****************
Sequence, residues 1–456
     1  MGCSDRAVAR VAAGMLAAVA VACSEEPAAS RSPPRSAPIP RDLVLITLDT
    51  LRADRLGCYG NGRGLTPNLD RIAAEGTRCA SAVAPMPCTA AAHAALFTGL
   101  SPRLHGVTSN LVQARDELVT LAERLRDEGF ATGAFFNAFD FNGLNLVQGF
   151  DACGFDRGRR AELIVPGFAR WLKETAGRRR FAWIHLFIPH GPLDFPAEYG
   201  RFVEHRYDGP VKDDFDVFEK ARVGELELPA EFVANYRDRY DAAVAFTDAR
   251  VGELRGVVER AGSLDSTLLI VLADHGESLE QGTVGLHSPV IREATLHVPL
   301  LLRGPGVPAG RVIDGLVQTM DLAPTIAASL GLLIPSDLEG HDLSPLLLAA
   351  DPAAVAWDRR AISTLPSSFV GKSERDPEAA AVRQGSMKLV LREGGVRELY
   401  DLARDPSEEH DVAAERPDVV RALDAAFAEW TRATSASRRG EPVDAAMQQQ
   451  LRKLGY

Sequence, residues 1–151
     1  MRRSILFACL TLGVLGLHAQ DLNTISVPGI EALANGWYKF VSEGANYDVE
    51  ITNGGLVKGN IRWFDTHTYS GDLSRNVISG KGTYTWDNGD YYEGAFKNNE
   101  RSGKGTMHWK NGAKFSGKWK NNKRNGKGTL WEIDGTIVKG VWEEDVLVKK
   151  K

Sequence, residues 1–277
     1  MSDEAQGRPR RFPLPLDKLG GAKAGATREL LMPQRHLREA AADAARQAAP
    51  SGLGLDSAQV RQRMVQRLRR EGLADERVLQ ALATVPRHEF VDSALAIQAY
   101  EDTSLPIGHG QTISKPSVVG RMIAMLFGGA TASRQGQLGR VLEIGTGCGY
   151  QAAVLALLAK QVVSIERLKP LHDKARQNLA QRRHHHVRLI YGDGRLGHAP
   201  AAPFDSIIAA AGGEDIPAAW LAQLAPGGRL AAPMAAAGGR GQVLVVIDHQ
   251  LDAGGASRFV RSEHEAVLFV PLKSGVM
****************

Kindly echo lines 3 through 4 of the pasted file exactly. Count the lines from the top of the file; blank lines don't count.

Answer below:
    51  LRADRLGCYG NGRGLTPNLD RIAAEGTRCA SAVAPMPCTA AAHAALFTGL
   101  SPRLHGVTSN LVQARDELVT LAERLRDEGF ATGAFFNAFD FNGLNLVQGF